FREE SOFTWARE, INTERNET GIVE A VOICE TO AFRICAN LOBBYISTS
African lobby groups, as well as community and independent media, are using free software and the internet to fight a lack of money and skills.
The internet had also helped overcome the problems associated with widely dispersed audiences and, in some countries, government crackdowns on freedom of expression, speakers told the Highway Africa 2004 conference in Grahamstown last week.
Lynne Muthoni Wanyeki, a director of Femnet, a pan-African organisation based in Kenya, said the group had used the internet to campaign for and protect women's rights. It began by sending information via e-mail and SMS to women's groups across the continent and posting information on its website about the regional debates on the formation of the African Union. It had also lobbied its network to make nominations for the posts available for women in the PanAfrican Parliament.
Wanyeki said Femnet's experience showed there was a need to plan internet-based campaigns carefully, determining who needed to be reached, what needed to be achieved and how, and to understand better the technologies available.
John Lannon of the Praxis Centre at Leeds University said the internet had helped human rights movements because it was cost- efficient, suited non-hierarchical structures and could be used to skirt government controls. It was used to disseminate information to a wide audience rapidly and could encourage effective action. It was also a useful research tool and provided educational material. One organisation to use the internet well was religious group Falun Gong, harassed by China's government.
Some well-known South African examples of using the internet for lobbying are websites such as "hellkom", "telkomsucks" and "neverflysaa", which were begun by dissatisfied Telkom and South African Airways customers.
Telkom's senior manager of corporate communications, Hans van de Groenendaal, said there was a difference between lobbying and activism on the web. A ctivism went further than lobbying for example, by encouraging supporters to send e-mails, which Telkom considered an infringement on people's right to privacy.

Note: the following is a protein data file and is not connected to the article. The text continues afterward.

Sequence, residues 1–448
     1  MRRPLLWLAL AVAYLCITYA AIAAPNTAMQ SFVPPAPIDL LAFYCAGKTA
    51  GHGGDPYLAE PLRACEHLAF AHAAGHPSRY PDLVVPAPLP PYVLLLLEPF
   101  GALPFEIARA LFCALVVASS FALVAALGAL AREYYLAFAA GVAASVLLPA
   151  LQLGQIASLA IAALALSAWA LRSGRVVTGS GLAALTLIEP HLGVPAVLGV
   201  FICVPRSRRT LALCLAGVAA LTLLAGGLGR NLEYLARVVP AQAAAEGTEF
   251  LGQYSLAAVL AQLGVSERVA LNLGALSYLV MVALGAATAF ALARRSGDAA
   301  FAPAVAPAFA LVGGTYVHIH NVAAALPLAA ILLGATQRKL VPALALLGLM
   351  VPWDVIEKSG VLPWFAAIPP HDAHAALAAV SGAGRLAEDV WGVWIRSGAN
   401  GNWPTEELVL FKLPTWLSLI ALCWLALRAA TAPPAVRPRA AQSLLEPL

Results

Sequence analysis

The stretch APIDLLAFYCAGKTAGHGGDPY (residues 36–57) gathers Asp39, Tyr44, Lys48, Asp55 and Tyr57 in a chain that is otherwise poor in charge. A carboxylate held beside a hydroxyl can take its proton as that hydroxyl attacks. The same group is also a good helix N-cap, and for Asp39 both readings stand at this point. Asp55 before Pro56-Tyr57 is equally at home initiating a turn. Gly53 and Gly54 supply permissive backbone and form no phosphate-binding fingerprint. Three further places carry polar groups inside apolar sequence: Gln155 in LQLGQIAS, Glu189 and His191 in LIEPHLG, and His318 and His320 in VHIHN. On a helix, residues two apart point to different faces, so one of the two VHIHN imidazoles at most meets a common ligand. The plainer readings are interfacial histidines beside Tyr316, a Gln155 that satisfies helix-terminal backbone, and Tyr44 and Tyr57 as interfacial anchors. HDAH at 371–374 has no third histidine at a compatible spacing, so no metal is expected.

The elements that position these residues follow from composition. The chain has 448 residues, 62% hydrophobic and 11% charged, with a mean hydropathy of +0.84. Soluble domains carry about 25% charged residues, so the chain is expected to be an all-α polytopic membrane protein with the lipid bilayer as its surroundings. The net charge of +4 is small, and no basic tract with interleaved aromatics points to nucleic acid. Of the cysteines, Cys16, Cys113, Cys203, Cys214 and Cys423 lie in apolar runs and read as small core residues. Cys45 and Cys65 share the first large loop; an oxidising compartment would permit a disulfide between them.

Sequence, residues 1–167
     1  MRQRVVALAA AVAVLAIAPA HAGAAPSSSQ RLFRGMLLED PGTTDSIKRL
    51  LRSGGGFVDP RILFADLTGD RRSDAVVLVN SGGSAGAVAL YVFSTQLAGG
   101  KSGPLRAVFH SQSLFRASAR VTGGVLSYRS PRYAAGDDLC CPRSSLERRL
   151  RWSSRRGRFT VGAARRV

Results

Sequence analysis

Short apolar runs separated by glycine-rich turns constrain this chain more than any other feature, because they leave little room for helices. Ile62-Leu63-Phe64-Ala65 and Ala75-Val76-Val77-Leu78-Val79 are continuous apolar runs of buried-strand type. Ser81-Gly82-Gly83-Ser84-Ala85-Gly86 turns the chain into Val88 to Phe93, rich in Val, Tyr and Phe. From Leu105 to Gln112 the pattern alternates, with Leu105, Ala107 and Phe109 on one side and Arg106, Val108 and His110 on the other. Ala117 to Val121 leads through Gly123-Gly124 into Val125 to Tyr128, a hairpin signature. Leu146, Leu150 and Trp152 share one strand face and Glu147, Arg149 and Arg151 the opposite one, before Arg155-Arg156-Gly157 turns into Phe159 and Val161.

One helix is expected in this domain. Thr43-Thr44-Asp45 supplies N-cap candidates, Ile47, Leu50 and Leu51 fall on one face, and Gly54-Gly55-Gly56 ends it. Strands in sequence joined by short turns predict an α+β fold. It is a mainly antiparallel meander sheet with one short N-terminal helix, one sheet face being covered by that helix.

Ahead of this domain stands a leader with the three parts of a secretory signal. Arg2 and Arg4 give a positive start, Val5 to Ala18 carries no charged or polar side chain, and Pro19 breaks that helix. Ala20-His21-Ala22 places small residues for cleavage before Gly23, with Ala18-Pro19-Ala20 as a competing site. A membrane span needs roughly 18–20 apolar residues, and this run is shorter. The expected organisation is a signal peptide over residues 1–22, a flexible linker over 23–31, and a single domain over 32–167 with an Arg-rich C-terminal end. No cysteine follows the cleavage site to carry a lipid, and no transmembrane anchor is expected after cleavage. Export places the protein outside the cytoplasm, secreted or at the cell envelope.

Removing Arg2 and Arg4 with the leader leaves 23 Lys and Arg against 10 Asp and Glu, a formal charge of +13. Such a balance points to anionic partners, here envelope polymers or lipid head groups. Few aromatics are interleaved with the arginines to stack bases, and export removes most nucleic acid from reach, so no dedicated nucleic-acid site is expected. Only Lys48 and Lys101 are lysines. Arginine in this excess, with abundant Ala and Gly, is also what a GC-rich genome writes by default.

Customers should have a right to express an opinion, and although companies might not like it, they should listen and respond by changing or correcting wrong perceptions, if that was the case, Van de Groenendaal said. Companies should be allowed to protect their brands and trademarks, and the media should take into account that opinions expressed on lobby sites might emanate from a minority.
Open-source software can also help cash-strapped media organisations. The Centre for Advanced Media Prague (Camp), a Czech-based subsidiary of the Media Development Loan Fund, gives technology assistance to independent news media in emerging countries.
In SA, Noseweek ran on Campware, MD Sava Tatic said, and the organisation had also assisted community radio stations in Indonesia and Nepal.
Campware, which was free, was available in multiple languages and included content management, customer relationship management and print distribution tracking software.
Another solution was using refurbished computers. Alan Finlay of Open Research said it was estimated that about 50% of Africa's computers were refurbished. These cost less than new ones and last at least five years.
But there were limitations to using the internet, Lannon said. Skills were often lacking, and human rights websites and e-mails were competing for attention with a lot of other noise in cyberspace. The internet was only a tool and could not "change the disengaged to the engaged".